Nonneoplastic Conditions

Radicular cyst (also known as apical periodontal cyst, dental cyst), apical granuloma and chronic dental abscess: these inflammatory lesions form a spectrum of changes related to the apical region of a non-vital tooth (usually a consequence of dental caries), with considerable overlap in clinical, radiological and pathological findings. Granulomas tend to be smaller (< 10 mm), have a sparser inflammatory cell infiltrate and show less-active inflammation than radicular cysts. Very large radiolucencies tend to be cysts rather than abscesses, although they may be infected. Very common, 70% of jaw cysts; 60% occur in maxilla; all ages but rare in children and with deciduous teeth. Arise when the contents of the necrotic pulp canal leak out of the apical foramina and set up an inflammatory reaction at the apex. The persistent inflammatory stimulus induces granulation tissue formation to help wall off the necrotic debris. Epithelial rests around the root ("cell rests of Malassez") proliferate, initially as complex strands and arcades then as a well-defined lining; when present the epithelium allows the term radicular cyst to be used. Cysts enlarge by a hydrostatic mechanism - the high protein content of the inflammatory exudate in the lumen draws water into the cyst while the lack of lymphatics in the wall prevents it draining away -producing a rounded radiolucency usually with a sclerotic border. May resorb the apical portion of the tooth. Most are located apically but 10% are seen in lateral relationship (accessory apical foramina). Treatment usually involves endodontic therapy (root canal treatment), apicectomy (removing the apical 2 mm of the tooth root via a surgical approach and sealing off the pulp canal) or removal of the tooth. Recurrence is uncommon but relates to a failure to control the contents of the pulp canal.

Dentigerous cyst (follicular cyst): a developmental cyst that surrounds the crown of an un-erupted tooth and is attached at the cervical region. Common, 15% of jaw cysts; often in younger patients but not exclusively; usually seen in the upper canine, lower second premolar and third molar regions. Well-defined radiolucency, unilocular in form with a sclerotic border surrounding the crown of an unerupted tooth (so-called "dentigerous relationship"). May resorb roots of adjacent teeth. Develops from the dental follicle surrounding the crown of the unerupted tooth but through an unknown mechanism. Enlargement is by hydrostatic mechanisms but what generates the forces is not clear. Has a thin fibrous wall, minimal inflammatory cell infiltrate (if any) and a thin lining of stratified squamous epithelium. Treatment requires removal of the unerupted tooth, the cyst being delivered at the same time. Recurrence is rare.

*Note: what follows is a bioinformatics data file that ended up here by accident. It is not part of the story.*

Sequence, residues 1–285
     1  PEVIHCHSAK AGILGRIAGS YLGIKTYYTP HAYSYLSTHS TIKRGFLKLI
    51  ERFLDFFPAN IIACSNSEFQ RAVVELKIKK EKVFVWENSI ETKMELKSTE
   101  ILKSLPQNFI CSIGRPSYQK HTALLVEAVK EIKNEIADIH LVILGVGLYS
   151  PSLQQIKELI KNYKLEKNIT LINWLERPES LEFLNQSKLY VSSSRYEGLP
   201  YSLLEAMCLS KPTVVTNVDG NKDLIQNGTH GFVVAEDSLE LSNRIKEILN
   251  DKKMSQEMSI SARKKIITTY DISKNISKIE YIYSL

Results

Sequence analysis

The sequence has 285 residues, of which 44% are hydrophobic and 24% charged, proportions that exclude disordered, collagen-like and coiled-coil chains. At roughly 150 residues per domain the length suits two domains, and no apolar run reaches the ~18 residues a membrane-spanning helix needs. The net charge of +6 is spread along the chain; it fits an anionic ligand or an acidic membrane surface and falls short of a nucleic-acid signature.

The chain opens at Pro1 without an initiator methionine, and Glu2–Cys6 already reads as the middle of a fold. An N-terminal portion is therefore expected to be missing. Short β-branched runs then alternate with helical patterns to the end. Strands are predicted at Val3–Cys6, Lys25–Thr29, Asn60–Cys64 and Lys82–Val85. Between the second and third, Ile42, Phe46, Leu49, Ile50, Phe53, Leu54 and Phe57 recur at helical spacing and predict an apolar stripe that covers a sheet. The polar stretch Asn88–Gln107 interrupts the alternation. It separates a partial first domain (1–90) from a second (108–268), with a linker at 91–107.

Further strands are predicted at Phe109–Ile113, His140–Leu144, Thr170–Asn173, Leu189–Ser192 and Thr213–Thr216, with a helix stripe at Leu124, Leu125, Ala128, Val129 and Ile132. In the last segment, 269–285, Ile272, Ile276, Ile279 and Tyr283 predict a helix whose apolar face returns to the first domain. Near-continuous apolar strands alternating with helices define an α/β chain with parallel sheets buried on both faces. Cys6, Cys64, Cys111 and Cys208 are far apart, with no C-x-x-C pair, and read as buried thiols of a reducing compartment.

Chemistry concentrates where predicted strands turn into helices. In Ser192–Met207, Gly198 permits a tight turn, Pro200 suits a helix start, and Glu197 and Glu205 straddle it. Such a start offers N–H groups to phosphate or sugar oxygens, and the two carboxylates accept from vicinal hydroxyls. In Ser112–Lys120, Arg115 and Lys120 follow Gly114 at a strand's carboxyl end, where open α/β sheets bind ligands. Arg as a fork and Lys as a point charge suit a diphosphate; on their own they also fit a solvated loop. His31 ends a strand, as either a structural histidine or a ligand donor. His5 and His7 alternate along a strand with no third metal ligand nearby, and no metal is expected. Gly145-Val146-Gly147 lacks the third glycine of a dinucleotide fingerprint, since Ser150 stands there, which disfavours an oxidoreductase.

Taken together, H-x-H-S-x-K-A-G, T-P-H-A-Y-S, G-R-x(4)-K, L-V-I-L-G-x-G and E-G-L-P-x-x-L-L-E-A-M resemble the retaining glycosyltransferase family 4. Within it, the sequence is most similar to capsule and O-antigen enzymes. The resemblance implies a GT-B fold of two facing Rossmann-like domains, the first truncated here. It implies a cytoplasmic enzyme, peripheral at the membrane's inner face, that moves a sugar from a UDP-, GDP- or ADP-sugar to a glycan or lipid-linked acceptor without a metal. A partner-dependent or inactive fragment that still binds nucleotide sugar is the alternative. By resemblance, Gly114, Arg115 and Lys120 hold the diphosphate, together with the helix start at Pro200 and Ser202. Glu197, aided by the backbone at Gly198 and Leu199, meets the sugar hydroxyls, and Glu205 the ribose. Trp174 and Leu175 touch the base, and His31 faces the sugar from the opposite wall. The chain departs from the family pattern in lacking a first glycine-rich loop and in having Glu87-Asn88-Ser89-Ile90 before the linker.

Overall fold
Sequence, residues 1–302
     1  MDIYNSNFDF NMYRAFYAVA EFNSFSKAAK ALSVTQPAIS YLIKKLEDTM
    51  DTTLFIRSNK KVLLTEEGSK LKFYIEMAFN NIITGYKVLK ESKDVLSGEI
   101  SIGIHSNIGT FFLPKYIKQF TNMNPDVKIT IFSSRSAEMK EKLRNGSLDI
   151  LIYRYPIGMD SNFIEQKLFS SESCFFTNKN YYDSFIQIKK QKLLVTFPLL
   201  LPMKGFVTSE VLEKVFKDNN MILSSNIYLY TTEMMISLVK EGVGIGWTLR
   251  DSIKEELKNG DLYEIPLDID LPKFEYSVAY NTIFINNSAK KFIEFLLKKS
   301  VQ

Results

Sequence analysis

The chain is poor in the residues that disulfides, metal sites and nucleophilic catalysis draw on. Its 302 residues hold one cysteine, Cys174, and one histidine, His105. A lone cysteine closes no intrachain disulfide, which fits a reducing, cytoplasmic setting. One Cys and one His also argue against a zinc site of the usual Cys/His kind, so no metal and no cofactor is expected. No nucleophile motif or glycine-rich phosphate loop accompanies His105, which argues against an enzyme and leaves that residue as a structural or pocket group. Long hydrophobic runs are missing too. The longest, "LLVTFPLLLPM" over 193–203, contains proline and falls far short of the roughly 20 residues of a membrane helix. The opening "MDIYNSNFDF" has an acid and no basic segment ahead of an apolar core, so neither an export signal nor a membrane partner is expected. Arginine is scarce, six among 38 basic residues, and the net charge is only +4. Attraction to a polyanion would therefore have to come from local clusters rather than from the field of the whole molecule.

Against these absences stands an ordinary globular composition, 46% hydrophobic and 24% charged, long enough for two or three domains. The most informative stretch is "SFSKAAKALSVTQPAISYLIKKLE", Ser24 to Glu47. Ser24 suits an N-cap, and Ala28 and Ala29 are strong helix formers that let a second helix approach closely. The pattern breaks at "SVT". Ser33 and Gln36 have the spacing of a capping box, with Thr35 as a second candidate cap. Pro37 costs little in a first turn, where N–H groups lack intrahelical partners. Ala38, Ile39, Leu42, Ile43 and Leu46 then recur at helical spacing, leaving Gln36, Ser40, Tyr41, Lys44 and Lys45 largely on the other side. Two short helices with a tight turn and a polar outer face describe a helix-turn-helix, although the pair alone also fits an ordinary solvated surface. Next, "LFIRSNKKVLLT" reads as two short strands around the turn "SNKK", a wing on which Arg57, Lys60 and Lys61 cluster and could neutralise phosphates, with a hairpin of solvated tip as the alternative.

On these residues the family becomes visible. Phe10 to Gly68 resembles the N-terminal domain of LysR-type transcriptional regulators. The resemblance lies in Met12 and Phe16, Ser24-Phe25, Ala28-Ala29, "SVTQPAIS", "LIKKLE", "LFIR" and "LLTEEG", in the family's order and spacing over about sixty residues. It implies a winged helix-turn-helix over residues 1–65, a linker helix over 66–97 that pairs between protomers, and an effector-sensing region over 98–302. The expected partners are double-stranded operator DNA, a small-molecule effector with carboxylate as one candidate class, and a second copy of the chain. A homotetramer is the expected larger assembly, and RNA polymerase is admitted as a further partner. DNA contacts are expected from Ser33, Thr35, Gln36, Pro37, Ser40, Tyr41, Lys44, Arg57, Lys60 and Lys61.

Odontogenic keratocyst: a developmental cyst characterised by a distinctive lining of keratin-ising stratified squamous epithelium and a marked tendency for recurrence. Common, about 10% of jaw cysts; all ages, any site (but especially near angle of mandible) - "any cyst in the jaw can be a keratocyst". Well-defined radiolucency, often multilocular in form with a sclerotic border, which may be in dentigerous relationship. May resorb roots of adjacent teeth. Histology shows a thin lining of highly organised keratinising stratified squamous epithelium, which has a prominent palisaded basal layer. Daughter cysts within the wall are common. Derived from primordial dental structures, the epithelium has an active growth potential of its own, unlike that of radicular cysts and dentigerous cysts. Probably enlarges by epithelial growth; epithelium proliferates between trabeculae of bone where it accumulates fluid and keratin in the centre. This infiltrative growth pattern produces a multilocular radiolucency, in contrast to the ovoid or circular unilocular lesion of expansile cysts like the radicular cyst. Recurrences (20%) are due to small pieces of lining and/or daughter cysts that remain following curettage. Large cysts are treated by marsupialisation and packing; over time the cyst shrinks in size and may disappear completely. A small proportion of patients with keratocysts, particularly those aged under 18 years, have Gorlin's syndrome (many stigmata, including multiple synchronous and metachronous keratocysts, skeletal abnormalities especially of skull form, ribs and vertebrae, multiple basal cell carcinomas).

Other cysts: a large variety of cysts can occur in the jaws. Some will be developmental cysts unrelated to teeth (nasopalatine duct cyst, nasolabial cyst, dermoid cyst), others will be associated intimately with the odontogenic apparatus and will be developmental (lateral periodontal cyst, gingival cyst of adults, glandular odontogenic cyst) or inflammatory in nature (paradental cyst). In addition, samples from a periodontal pocket or inflamed dental follicle can mimic cystic lesions. Of these only the glandular odontogenic cyst is likely to recur because of the presence of daughter cysts in its wall.

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